AG Mortgage Investment Trust Inc. (MITT) has recently shared its financial results, shedding light on the company’s growth trajectory and strategic positioning. To further understand MITT’s performance and potential, let’s delve into some key metrics and InvestingPro Tips that offer a more nuanced perspective.

InvestingPro Data:

  • The company’s P/E ratio stands at an attractive 7.81 when adjusted for the last twelve months as of Q4 2023, suggesting that the stock may be undervalued compared to earnings.
  • With a market capitalization of $171.61 million, MITT has shown a remarkable revenue growth of 29,100% in the last twelve months as of Q4 2023.
  • Despite a quarterly revenue decline of -23.9% in Q1 2023, MITT maintains a strong gross profit margin of 84.17%, indicating efficient cost management and a potentially sustainable business model.

InvestingPro Tips:

  • Management’s aggressive share buybacks signal confidence in the company’s valuation and future prospects.
  • MITT’s commitment to dividend payments, with a history of 13 consecutive years, provides a level of income stability for investors.

For those interested in a deeper analysis, there are additional InvestingPro Tips available, including insights on net income expectations, liquidity, and price trends. With a total of 8 InvestingPro Tips for MITT, investors can gain a comprehensive understanding of the company’s financial health and market position.

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Full transcript – AG Mortgage Investment Trust Inc (MITT) Q4 2023:

Operator: Good day, and thank you for standing by. Welcome to the AG Mortgage Investment Trust Inc Fourth Quarter 2023 and Full Year Earnings Conference Call. At this time, all participants are in a listen-only mode. After managements remarks there will be a question and answer session. [Operator Instructions] Please be advised that today’s conference is being recorded. [Operator Instructions] I’d now like to turn the call over to Jenny Neslin, General Counsel for the company. Please go ahead.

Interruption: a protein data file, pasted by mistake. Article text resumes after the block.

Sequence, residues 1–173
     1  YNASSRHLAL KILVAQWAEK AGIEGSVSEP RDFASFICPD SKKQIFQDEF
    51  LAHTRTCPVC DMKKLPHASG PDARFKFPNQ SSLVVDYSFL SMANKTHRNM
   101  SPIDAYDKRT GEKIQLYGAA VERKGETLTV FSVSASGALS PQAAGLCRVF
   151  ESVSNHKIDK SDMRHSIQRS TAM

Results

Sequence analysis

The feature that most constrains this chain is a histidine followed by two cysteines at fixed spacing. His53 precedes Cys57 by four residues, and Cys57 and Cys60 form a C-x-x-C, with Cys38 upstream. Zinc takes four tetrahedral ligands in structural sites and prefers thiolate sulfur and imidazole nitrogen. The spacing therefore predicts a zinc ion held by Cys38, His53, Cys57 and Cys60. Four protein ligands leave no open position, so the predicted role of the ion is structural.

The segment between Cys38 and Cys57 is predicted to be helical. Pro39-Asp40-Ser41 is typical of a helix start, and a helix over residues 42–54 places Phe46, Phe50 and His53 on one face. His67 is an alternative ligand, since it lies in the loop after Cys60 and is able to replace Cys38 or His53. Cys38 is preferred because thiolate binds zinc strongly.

Jenny Neslin: Thank you. Good morning, everyone, and welcome to the full year and fourth quarter 2023 earnings call for AG Mortgage Investment Trust. With me on the call today are T.J. Durkin, our CEO and President; Nick Smith, our Chief Investment Officer; and Anthony Rossiello, our Chief Financial Officer. Before we begin, please note that the information discussed in today’s call may contain forward-looking statements. Any forward-looking statements made during today’s call are subject to certain risks and uncertainties, which are outlined in our SEC filings, including under the headings Cautionary Statement regarding forward-looking statements Risk Factors and management’s discussion and analysis. The company’s actual results may differ materially from these statements. We encourage you to read the disclosure regarding forward-looking statements contained in our SEC filings, including our most recently filed Form 10-K for the year ended December 31, 2022, our quarterly report on Form 10-Q for the quarter ended June 30, 2023, and our subsequent reports filed from time to time with the SEC. Except as required by law, we are not obligated and do not intend to update or to review or revise any forward-looking statements, whether as a result of new information, future events or otherwise. During the call today, we will refer to certain non-GAAP financial measures. Please refer to our SEC filings for reconciliations to the most comparable GAAP measures. We will also reference the earnings presentation that was posted to our website this morning. To review the slide presentation, turn to our website, and click on the link for the Q4 2023 earnings presentation on the home page. Again, welcome to the call, and thank you for joining us today. With that, I’d like to turn the call over to T.J.